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Artist’s Talk: Denzil Forrester and Matthew Higgs

In collaboration with Art on the Underground and Royal College of Art.

As part of Denzil Forrester’s forthcoming UK public commission with Art on the Underground join the artist and Matthew Higgs, Director of White Columns in New York for a lively discussion on the artist’s practice, teaching and inspirations.

For nearly four decades, Forrester’s paintings have been rooted in, and provide commentary on, the Afro-Caribbean experience in London. Pulsating with rhythm and an extraordinary use of colour, Forrester’s expressive depictions of dance halls and clubs captured the crowds moving in unison to the beat of the music. In contrast to the joy of his night-time revellers, Forrester concurrently created a series of works which subliminally revealed the rising tensions between police and the Afro-Caribbean community during the late 1970s and early 80s, which culminated in the 1981 Brixton Riots.

Through his energetic paintings, Forrester continues to make work about the past and present aspects of his life. For this commission, the artist has reinterpreted his seminal work Three Wicked Men (1982), now in the collection of Tate, London, into an immersive, large-scale painting. Made during his time at the Royal College of Art, Forrester has returned to Three Wicked Men several times over the decades. The title was borrowed from a track by Reggae George, released a year earlier, in which Forrester identifies the three men as a policeman, a politician and a businessman. In Forrester’s painted versions, the latter figure is often replaced by a Rasta. Reflective of the contemporary black experience and the racial tensions of the time, the painting features Winston Rose; a friend of Forrester’s who died whilst under police restraint in 1981 and which would continue to haunt many of his paintings for the next decade.

Forrester is the third commission in a new series at Brixton, following on from Njideka Akunyili Crosby in 2018 and Aliza Nisenbaum in 2019. The programme selects artists to respond to the diverse narratives of the murals from the 1980s, the rapid development of the area and the wider social and political history of mural making.

Book Tickets Here

 

Brixton Public Art Tour with Kelly Foster

Tour starts outside Brixton Underground Station

Come and listen to local historian and Blue Badge Guide Kelly Foster as she explores the memorialisation and portraiture in Brixton’s public art. From familiar sculptures to the lost murals she’ll look at who has been commemorated on the streets of Brixton and the artists that created them.

Tickets available here.

Family Tour: Brixton Murals

Tour starts at the entrance of Brixton library.

Join us for a free family tour of some of the Brixton murals led by Art on the Underground’s Engagement Project Manager Rachel Moss. Hear stories about the murals, take part in drawing activities and play games to learn more about the history of Brixton. Free sketchbooks provided.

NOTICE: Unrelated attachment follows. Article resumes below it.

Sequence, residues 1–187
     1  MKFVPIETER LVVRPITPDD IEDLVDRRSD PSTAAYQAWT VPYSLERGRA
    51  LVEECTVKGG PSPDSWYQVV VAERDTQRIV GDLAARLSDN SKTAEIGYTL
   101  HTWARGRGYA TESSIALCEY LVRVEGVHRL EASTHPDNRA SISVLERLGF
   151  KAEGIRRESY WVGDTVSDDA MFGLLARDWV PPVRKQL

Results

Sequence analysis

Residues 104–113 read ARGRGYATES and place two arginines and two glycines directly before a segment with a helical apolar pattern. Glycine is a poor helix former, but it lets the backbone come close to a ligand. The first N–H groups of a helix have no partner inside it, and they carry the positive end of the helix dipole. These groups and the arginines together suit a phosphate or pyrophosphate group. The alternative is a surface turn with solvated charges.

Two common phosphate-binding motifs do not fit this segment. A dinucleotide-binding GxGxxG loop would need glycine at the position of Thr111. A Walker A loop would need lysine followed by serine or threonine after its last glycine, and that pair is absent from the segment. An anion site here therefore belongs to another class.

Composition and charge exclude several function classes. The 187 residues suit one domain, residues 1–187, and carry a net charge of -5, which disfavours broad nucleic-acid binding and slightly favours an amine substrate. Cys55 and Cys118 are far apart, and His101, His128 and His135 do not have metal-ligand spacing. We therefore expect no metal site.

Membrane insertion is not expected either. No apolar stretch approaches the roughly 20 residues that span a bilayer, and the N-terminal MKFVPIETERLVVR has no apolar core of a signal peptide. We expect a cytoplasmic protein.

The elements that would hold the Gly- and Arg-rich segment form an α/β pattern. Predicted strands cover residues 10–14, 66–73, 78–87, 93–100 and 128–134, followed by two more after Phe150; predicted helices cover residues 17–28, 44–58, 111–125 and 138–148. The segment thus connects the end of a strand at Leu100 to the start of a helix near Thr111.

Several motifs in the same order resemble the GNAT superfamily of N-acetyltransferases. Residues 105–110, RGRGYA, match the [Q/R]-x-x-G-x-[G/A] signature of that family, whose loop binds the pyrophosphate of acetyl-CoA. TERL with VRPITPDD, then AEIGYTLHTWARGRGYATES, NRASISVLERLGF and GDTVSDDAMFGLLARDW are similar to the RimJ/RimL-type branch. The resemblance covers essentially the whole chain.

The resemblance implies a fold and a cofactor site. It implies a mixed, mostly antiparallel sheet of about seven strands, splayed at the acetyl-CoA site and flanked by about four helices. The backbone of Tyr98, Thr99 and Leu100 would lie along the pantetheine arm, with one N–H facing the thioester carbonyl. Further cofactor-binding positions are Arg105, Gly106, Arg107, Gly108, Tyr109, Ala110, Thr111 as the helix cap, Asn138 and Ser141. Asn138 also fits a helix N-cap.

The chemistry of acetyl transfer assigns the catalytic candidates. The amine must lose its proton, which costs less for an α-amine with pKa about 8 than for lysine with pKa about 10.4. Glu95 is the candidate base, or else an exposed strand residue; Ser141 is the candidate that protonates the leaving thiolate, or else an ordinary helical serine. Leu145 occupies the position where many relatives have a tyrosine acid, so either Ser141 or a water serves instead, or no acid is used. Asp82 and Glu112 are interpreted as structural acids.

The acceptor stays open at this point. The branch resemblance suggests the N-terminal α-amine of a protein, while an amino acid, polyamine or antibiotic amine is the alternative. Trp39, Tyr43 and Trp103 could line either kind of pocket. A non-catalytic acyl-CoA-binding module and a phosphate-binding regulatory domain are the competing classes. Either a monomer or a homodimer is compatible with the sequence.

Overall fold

No booking is required for the family tour. All ages welcome. Children must be accompanied by an adult. Please note if it rains the tour will still go ahead as some of the murals are undercover.

Artist’s Talk: Aliza Nisenbaum and Oliver Basciano

In collaboration with Art on the Underground and Contemporary Art Society

Mexican-born and New York-based artist Aliza Nisenbaum will discuss her practice and its relevance to the current political climate in the United States with Oliver Basciano, International Editor for ArtReview.

This event relates to Nisenbaum’s first UK public commission by Art on the Underground, opening on 10 April until September 2019 and Contemporary Art Society’s acquisition of a major new painting by Nisenbaum for Norwich Castle Museum & Art Gallery in 2018.

Influenced by the Mexican mural movement and its depiction of social history, Nisenbaum’s work probes the politics of representation by bringing together often-marginalized or overlooked groups of people to the fore in exquisitely painted portraits. She has continued this practice for her new commission where she was artist-in-residence, living and working in Brixton from 15 December 2018 until 27 February 2019. Through an open call, Nisenbaum then selected 15 members from Transport for London staff from Brixton station and the Victoria line – from train drivers, customer service staff, cleaners – who, over several hours, were individually painted in her studio to create a large-scale group portrait specifically for the entrance of Brixton Underground station.

Through her artistic process, Nisenbaum seeks to transform the traditional artist-sitter relationship by creating works which challenge the hierarchies of portraiture. For her, the process of painting portraits from live sittings is a reciprocal act, one that sets up an ethical encounter in which both participants give their attention and trust, and learn about one another.

Nisenbaum is the second commission in a new series at Brixton, following ‘Remain, Thriving’, 2018, a new site specific work from Njideka Akunyili Crosby. The programme selects artists to respond to the diverse narratives of the murals from the 1980s, the rapid development of the area and the wider social and political history of mural making.

Book Tickets Here